Philosophy Professor vs. Humanities Editor
I was watching a video where two scholars (a philosopher and a humanities editor) were giving short papers (or, more accurately, contrasting stances) on whether there is philosophical progress in intellectual culture. A couple of other people made summary comments as well.
It was an enlightening polemical contrast, though it seemed like the humanities editor really didn't understand what professional philosophers actually attempt to do. However, he well understood how professional philosophers write badly. Furthermore, he rightly understood how often professional philosophers regularly publish irrelevant B.S (mostly, on my view, as result of publish or perish hiring and retention policies implemented by market-driven universities).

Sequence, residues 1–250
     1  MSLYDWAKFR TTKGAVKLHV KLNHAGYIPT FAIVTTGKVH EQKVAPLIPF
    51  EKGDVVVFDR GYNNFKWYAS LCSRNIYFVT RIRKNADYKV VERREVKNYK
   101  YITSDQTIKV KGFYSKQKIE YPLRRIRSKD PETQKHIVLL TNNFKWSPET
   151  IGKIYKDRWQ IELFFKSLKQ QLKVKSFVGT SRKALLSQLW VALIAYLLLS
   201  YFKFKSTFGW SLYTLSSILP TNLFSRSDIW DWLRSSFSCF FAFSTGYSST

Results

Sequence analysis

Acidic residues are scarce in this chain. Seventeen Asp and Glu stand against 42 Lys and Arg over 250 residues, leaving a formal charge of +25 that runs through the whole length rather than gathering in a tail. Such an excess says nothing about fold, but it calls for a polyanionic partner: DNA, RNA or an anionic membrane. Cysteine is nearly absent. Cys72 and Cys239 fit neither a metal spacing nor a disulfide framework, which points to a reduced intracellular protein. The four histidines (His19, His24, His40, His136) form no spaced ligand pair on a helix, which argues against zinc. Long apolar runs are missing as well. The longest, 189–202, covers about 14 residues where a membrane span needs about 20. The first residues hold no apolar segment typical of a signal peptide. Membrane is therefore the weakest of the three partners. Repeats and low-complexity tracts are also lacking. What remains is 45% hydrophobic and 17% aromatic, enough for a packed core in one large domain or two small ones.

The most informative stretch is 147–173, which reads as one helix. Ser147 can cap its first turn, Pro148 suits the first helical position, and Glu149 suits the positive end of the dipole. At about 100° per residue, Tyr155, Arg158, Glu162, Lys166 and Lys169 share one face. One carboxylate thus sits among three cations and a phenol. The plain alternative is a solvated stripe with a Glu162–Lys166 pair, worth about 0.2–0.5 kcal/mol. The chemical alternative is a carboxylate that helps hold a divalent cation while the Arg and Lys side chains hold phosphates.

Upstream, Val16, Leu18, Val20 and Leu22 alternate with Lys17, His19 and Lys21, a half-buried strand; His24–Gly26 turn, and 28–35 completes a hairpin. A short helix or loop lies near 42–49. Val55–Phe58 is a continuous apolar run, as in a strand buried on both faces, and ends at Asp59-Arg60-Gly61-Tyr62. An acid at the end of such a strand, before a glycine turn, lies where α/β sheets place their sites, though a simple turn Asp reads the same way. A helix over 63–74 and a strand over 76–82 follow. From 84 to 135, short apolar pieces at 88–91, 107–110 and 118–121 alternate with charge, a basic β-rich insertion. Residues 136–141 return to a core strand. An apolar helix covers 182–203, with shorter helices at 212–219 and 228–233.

I wouldn't actually say the video was worth a full sitting of an hour, unless one happened to be interested in this issue. But there was a single comment posted below the video which itself made the time investment worth it.
Posted by the nickname "melektaus," it was as follows:
"What did I learn watching this? That journalists are people with no ideas and the ability to express them, and philosophers are people with ideas and no ability to express them."
[image] "Do-Si-Do" maxwaugh.com (Accessed, Oct. 1, 2011)
 Jason Stanley, videoist "Philosophical Progress and Intellectual Culture" at Harvard/ANU Profess conference Vimeo Sept. 21, 2011 (Accessed Oct. 1, 2011) [ Jason Stanely and Carlin Romano were the main interlocutors.]
[*] Philosopher Peter Ludlow gives a more optimisic take on this bifurcation problem, essentially arguing that philosophers need their own technical vocabulary to achieve progress on subtle and hard-to-solve philosophical problems. His response is here.